WASHINGTON - April 5 - President George W. Bush and Vice President Dick Cheney may be throwing the first pitches for Opening Day in St. Louis and Cincinnati respectively, but its the industry polluters who have been having a field day since the Bush administration took over management of Americas environmental policies.
"After 30 years of progress cleaning up out water and air, the Bush administration is taking us backwards," stated Carl Pope, Executive Director of the Sierra Club. "As Yogi Berra said, Its like déjà vu all over again."
The Bush administration has received widespread criticism for shutting out the public after meeting in secret with energy industry lobbyists and executives when crafting the administrations energy plan. The plan, not surprisingly focuses mainly on creating new loopholes and subsidies to coal, oil, nuclear, and power companies rather than promoting cleaner, energy saving technologies.
Moreover, the administration gets three strikes on pollution issues that especially hit home in Missouri and Ohio.
TRIPLING MERCURY POLLUTION
The Environmental Protection Agency's own data shows that the administrations new mercury rule would allow power plants to emit three times more mercury pollution than the current law for a decade longer. The Los Angeles Times recently reported that the Bush administrations new rule included verbatim language provided by a firm representing the operators of America's worst polluting power plants. That same firm had formerly employed the key two people appointed by the Bush administration to oversee power plant pollution at EPA.
Said Pope, "In the battle against mercury pollution, the Bush administration is throwing the game by letting the polluters write their own rules. We havent seen this kind of misbehavior since the 1919 Chicago Black Sox."
MAKING THE FANS BAT CLEANUP
The administration has also come under fire for shifting the burden of toxic cleanup from polluters to taxpayers. In 1980, Congress decided to protect the health and safety of Americans by forcing polluters to pay for the cleanup of toxic dump sites, but the Bush administration is charging taxpayers instead. Under the Bush administration, toxic cleanups have slowed by half.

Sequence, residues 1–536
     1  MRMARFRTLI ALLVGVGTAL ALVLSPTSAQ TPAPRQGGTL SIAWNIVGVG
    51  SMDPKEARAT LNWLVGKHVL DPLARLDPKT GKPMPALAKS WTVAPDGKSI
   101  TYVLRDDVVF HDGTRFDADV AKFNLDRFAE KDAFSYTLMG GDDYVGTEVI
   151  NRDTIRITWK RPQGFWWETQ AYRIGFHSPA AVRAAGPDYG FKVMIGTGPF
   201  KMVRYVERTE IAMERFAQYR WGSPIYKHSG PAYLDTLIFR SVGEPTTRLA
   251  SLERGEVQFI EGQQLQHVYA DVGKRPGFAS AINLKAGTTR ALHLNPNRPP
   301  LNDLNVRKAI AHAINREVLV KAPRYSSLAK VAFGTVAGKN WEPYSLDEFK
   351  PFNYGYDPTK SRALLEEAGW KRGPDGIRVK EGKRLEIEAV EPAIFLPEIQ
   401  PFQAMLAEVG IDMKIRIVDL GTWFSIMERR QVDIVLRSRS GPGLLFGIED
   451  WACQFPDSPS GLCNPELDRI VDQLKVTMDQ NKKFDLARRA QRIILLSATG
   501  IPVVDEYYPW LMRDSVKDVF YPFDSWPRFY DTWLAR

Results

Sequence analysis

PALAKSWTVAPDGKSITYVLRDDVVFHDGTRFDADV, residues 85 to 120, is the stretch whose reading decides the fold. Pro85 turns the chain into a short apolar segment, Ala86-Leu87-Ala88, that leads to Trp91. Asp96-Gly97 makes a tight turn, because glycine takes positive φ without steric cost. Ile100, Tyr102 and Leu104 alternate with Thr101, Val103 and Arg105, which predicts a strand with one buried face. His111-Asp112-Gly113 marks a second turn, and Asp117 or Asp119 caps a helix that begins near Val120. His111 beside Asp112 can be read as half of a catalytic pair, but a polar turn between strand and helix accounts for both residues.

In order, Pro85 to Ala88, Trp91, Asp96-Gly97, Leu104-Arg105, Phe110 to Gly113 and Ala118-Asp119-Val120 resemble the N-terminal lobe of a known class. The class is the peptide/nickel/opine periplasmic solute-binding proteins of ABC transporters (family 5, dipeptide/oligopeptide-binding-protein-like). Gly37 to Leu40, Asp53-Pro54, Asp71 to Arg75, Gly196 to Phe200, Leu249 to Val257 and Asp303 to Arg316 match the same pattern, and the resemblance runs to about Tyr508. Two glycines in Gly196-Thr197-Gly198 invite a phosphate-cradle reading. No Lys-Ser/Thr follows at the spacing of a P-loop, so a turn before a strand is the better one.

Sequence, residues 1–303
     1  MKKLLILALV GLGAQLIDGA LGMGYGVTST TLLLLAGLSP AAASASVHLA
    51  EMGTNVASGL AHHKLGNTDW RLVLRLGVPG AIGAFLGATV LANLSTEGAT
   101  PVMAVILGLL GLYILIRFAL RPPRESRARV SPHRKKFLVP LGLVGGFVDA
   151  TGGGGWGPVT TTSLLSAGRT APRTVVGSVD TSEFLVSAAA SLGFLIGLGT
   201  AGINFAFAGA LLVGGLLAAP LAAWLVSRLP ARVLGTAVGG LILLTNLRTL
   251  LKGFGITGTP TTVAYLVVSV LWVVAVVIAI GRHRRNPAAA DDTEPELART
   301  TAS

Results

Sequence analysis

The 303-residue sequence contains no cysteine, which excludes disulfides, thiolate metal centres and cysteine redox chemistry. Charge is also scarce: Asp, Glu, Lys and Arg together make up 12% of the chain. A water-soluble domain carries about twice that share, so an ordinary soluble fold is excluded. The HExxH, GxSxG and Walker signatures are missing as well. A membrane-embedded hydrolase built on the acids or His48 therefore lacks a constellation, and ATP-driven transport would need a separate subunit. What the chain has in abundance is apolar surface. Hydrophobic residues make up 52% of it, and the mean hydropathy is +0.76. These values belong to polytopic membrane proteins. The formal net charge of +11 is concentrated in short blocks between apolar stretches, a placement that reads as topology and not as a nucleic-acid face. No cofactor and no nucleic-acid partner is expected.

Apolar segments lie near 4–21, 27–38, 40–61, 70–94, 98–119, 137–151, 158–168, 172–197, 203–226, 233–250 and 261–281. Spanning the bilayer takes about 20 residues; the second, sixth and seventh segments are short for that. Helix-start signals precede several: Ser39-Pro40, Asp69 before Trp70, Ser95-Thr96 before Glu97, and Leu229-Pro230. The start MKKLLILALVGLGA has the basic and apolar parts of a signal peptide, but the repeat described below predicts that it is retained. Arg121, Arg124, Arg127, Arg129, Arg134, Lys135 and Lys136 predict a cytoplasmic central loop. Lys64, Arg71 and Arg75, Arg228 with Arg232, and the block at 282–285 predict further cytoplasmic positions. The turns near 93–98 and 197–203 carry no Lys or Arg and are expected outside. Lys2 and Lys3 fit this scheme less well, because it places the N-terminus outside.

"If a player gets caught violating league rules, you wouldnt expect the fans pay the fine. Likewise, polluters should be responsible for cleaning up their own mess," explained Pope.
INCREASING SLUDGING PERCENTAGES
Many Missouri and Ohio residents continue to be plagued by discharges of raw sewage when overflows occur often during heavy storms. Despite consensus recommendations from sewer operators, health experts, and state officials, the Bush administration blocked proposed rules that would protect homes, beaches, and streams from overflows and warn the public when so people could take steps to protect their health.
"We cant just call a rain delay when a storm causes raw sewage to foul our beaches or flood our basements," said Pope. "Its unconscionable that the Bush administration would block rules to warn us and protect our health."
The administrations poor record at home is made worse by its efforts put a happy face on policies that benefit polluters at the expense of public health. For example, the administration has been widely ridiculed for naming its air pollution plan the "Clear Skies Initiative." That plan actually allows power plants, refineries, and factories to pollute more soot and smog than the current law for over a decade longer.
Added Pope, "The Bush administration puts a lot of spin on the ball, but we think Americans are smart enough not to swing at the administrations bad pitches."